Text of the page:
I am standing on the south side of Pratt Street, in the shadow of the Bromo Tower and caddy-corner to the Pratt Street Ale House, where I might have to head for a beer if my ears start bleeding.
It's Friday afternoon, and 20 feet from me Indy car racers scream by at speeds of over 150 mph during practice runs for theBaltimore Grand Prix.
Remember the old Mazda commercial with the tagline "zoom-zoom?" There is a whole lot of zoom-zooming going on.
I keep looking around and thinking: Is this really Baltimore? Or have we entered some parallel universe here? I'm not sure I've ever seen anyone go over 30 mph on Pratt before. And the last guy I saw do it was running from the cops.
There is something totally surreal about seeing open-wheel race cars roar through the downtown streets, but the crowds all around me seem to be enjoying it. And so am I, at least if the blood doesn't spurt from my ears.
Did I mention how loud it is?
People who know this sort of thing say the decibel level at these races can reach 120. That's like a Boeing 767 lifting off. In your bedroom.
Bring ear-plugs if you plan to go. And don't even think about having a conversation when the cars roar past. It would be like talking to your 90-year-old grandmother. All the other person would be doing is nodding and smiling.
I wanted to know more about these race cars, so earlier in the day I went to the paddock area, where the cars are maintained. That's when I happened upon the Viking.
The Viking is actually Anders Krohn, a 23-year-old from Norway who'll be competing in the Indy Lights race this weekend.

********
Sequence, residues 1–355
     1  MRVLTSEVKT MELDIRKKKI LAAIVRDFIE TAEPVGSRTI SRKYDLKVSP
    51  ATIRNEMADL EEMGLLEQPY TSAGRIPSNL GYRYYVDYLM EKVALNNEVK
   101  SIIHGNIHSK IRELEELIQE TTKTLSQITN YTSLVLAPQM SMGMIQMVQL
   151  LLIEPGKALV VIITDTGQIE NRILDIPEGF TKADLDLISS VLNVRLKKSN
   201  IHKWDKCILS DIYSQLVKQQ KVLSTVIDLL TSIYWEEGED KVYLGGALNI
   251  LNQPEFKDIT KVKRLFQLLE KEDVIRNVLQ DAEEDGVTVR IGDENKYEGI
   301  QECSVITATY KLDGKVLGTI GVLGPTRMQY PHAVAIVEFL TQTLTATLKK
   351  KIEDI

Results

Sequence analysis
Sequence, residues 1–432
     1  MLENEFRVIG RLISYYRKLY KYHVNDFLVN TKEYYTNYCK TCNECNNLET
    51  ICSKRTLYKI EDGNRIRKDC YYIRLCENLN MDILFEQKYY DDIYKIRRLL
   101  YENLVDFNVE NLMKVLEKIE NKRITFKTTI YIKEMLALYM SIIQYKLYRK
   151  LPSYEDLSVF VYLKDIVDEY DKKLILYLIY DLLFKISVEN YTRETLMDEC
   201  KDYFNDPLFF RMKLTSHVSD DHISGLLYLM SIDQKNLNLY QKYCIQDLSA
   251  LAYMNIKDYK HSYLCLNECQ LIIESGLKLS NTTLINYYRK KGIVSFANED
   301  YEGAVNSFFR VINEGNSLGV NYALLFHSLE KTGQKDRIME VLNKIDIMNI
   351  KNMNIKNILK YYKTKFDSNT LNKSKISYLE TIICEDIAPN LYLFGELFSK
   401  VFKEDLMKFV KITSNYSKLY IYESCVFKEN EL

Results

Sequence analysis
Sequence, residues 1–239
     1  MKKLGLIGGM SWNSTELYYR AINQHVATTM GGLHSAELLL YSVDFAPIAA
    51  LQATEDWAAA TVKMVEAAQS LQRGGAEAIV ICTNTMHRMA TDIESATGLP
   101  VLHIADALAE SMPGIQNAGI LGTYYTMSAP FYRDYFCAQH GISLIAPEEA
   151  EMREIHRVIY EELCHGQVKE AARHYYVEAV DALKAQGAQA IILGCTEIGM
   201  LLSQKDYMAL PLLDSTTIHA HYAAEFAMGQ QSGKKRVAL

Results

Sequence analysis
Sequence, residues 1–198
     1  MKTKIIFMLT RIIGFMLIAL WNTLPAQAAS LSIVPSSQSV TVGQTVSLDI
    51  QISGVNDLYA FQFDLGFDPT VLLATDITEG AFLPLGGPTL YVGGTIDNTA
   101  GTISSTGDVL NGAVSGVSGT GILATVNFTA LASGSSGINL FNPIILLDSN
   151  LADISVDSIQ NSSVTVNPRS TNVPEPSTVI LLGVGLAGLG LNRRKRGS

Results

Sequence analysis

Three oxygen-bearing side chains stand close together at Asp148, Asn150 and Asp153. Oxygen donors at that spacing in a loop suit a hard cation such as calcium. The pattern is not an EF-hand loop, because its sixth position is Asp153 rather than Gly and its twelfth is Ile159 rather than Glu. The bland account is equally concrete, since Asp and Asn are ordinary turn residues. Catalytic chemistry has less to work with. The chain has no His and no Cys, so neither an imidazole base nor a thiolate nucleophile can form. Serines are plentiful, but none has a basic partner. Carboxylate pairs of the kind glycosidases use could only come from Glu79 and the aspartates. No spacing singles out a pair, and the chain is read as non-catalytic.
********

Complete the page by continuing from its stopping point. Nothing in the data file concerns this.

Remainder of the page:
We talked for a moment about the recent terrible events in his country, where a madman set bombs in Oslo and opened fire on a remote island, killing scores of young people.
Then we got off that depressing subject, and he proudly showed off his gleaming Liberty Engineering Racing Special car, which he said weighs 1,300 pounds, with an engine that produces 450 horse-power and 1,800 pounds of downforce.
"That means you could go through a tunnel at 150 mph upside down," he said.
No thanks, I said. I don't even like going on a Ferris wheel.
Anders' official bio says he was "hooked on racing from the age of 2." Two! Who gets hooked on anything at age two? The only thing I was hooked on back then was Bugs Bunny cartoons.
But Anders got his first go-kart when he was 3 ½ and made his racing debut when he was 8. Norway's law mandated that he had to be at least 11 to race, so Anders headed to England and Sweden to begin his career.
This is his rookie season racing in the Indy Light Series, which is like the high minor leagues of open-wheel racing, a notch below the IZOD IndyCar Series.
He showed me his car's tiny cockpit, which he said was freakishly small for his 6-foot-1 frame, which makes him sort of the Shaquille O'Neal of racing.
This kind of road racing, he said, was "very, very physical. We reach up to 4 ½ G's on turns. And .3 G's would be a typical G-force in your car."
In addition to that, he said, it reaches 160 degrees in the cockpit during a race, and a driver's heart rate gets up to between 170 and 180.
That's usually my heart rate when I open my BGE bill, I wanted to say. But Krohn was on a roll.
"After a race," he continued, "you're so physically and mentally exhausted, it's almost hard to talk."
It was pretty clear where the Viking stood on the whole issue of whether racecar drivers are athletes or not, so we didn't get into that.
But apparently you need big bucks, or at least sponsors with deep pockets, to race at this level, too.
Krohn said a typical racecar costs in the neighborhood of $200,000, but yearly expenses for fuel, tires, parts and a racing team (two mechanics, one engineer, a crew chief and a tire guy per car) can range between $800,000 and $1 million.
It was nearing time for his practice runs, so I wished him luck in his big race. Then I headed back to Pratt Street to watch the other cars run, making sure to insert my pre-shaped foam earplugs so my eardrum wouldn't explode.
It was a great day to be in downtown Baltimore, at least if you liked watching fast cars race around the city streets.
It was starting to grow on me.
Listen to Kevin Cowherd Tuesdays at 7:20 a.m. on 105.7 The Fan's "Norris and Davis Show."